The Top 50 People Hillary Clinton Name-Drops in Hard Choices

Not all publicity is good publicity.

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In her book Hard Choices, Hillary Clinton does a lot of name-dropping. And it's not just U.S. diplomats and foreign dissidents — she squeezes in room for U2's Bono, A-Rod, and Art of War author Sun Tzu.

But in terms of sheer quantity of name-drops, no one can compete with Barack Obama — not even Bill Clinton. Over the course of her book, Clinton references Obama (or sometimes just "Barack") more than 300 times. It's worth noting that many of these mentions are referring to the general "Obama administration" which she was a part of.

The rest of the list reads like a Who's Who of American international relations — both good and bad — over the past five years:

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Coming in second was Clinton's husband, with 167 mentions, followed by Richard Holbrooke, a close adviser and friend of Clinton's. Holbrooke served as Clinton's lead foreign policy advisor during her 2008 presidential run. Had Clinton won, Holbrooke would have been her secretary of State. Instead, he served as envoy to Afghanistan and Pakistan until his death in 2010 (Holbrooke was actually in a meeting with Clinton at the State Department when he suffered a fatal tear to his aorta).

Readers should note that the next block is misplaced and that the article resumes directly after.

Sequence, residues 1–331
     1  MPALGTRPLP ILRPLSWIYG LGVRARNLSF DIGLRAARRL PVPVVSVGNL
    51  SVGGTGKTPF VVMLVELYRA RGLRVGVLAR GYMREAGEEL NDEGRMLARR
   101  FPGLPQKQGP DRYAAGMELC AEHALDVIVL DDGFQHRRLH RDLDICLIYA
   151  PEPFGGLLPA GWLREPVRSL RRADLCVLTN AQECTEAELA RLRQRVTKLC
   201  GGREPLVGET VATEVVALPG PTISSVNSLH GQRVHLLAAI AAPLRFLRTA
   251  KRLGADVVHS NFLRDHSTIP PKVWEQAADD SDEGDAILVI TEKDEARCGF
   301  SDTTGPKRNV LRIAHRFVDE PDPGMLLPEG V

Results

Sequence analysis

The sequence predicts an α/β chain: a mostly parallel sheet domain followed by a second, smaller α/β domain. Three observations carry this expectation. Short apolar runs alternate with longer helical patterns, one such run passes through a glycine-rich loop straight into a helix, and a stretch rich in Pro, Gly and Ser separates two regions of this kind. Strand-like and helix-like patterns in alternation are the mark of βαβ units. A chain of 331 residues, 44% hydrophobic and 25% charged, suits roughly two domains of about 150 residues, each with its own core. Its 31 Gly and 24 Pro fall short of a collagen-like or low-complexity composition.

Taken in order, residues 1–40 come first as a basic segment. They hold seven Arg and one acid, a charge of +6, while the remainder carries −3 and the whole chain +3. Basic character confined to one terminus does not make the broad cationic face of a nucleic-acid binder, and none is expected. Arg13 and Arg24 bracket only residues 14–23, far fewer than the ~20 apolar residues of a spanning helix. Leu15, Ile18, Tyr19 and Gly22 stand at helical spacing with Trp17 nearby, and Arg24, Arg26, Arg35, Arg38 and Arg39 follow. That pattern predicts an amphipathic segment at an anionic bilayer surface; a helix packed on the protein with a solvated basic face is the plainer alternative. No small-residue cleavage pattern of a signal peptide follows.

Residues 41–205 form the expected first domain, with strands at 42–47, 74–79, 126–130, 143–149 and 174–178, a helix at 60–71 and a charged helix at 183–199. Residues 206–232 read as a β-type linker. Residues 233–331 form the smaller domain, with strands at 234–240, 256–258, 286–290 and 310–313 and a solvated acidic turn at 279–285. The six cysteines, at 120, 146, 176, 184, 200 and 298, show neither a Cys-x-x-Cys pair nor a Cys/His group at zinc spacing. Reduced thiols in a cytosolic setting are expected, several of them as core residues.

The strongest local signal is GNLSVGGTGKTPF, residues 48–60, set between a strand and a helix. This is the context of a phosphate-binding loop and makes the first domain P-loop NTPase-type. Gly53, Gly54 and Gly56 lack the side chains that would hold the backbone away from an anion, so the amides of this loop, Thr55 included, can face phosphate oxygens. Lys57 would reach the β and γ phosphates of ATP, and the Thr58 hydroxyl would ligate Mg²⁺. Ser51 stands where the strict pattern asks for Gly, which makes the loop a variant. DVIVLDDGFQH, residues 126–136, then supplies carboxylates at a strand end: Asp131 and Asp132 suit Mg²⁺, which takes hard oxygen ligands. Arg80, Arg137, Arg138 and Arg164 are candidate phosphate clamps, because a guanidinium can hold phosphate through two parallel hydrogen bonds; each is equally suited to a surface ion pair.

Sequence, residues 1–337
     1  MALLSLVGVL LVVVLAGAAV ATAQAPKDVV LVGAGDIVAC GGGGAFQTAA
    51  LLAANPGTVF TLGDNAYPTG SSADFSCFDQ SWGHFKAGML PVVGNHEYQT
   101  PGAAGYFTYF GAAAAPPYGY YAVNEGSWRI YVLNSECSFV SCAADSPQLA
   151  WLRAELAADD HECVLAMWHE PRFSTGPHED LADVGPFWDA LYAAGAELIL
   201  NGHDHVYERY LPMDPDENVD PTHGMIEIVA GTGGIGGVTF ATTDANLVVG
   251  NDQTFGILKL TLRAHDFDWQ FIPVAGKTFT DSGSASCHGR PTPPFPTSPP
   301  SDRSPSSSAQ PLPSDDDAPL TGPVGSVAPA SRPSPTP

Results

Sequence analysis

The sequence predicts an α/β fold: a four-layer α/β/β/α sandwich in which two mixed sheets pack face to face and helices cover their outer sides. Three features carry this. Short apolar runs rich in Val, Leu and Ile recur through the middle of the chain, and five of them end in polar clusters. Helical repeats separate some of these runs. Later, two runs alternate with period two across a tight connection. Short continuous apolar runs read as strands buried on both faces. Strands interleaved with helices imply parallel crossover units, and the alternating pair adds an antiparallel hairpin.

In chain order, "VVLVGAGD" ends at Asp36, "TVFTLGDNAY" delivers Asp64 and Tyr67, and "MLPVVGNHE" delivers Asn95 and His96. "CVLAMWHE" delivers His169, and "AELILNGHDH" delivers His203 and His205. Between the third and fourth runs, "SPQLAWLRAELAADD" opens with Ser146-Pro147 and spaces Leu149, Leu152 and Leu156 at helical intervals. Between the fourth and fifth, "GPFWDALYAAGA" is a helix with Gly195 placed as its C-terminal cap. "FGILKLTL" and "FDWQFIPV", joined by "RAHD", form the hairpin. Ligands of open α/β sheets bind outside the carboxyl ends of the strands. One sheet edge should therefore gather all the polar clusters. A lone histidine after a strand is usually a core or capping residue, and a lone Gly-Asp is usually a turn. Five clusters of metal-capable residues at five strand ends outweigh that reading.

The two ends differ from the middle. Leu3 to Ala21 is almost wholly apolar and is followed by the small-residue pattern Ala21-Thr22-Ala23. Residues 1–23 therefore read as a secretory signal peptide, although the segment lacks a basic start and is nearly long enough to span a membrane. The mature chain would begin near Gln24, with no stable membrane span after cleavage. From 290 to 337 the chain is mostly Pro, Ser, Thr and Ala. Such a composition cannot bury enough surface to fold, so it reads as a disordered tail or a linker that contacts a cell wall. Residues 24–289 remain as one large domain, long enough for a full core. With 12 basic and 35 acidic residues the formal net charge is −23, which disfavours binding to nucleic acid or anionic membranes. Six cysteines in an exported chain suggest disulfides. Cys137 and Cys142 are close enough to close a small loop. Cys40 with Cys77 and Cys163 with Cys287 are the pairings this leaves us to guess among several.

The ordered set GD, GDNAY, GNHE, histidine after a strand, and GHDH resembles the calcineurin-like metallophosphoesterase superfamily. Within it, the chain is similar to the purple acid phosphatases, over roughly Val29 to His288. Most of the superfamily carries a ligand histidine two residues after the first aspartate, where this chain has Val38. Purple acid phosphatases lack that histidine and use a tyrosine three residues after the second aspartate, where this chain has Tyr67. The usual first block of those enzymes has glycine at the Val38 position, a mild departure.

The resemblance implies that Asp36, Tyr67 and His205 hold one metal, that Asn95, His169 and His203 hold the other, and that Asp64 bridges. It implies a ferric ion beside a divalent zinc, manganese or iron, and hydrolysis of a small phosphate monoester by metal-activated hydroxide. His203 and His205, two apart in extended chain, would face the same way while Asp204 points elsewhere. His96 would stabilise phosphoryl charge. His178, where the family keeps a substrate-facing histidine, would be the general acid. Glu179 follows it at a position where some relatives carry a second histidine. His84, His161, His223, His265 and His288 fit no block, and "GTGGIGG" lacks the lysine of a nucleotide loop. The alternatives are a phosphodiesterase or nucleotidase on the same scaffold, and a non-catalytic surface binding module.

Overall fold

Holbrooke had served as consigliere to Democratic presidents since the 1960s, but Clinton writes that the Obama administration's treatment of Holbrooke frustrated her:

Holbrooke's old-school style of diplomacy — that mix of improvisation, flattery, and bluster that had outmaneuvered [Slobodan] Milosevic — was a bad fit in a White House intent on running an orderly policy process with as little drama as possible. It was painful to watch such an accomplished diplomat marginalized and undercut. I defended him whenever I could, including from several attempts to force him out of the job.

The book also sticks to its title, referencing various "hard choices" 14 times, and the more generic "choices" 95 times. Of course, this kind of #datajournalism doesn't say much about the actual content of the book. What it does do, however, is give a good sense of the people Clinton finds truly important in her life. Holbrooke was one of them.

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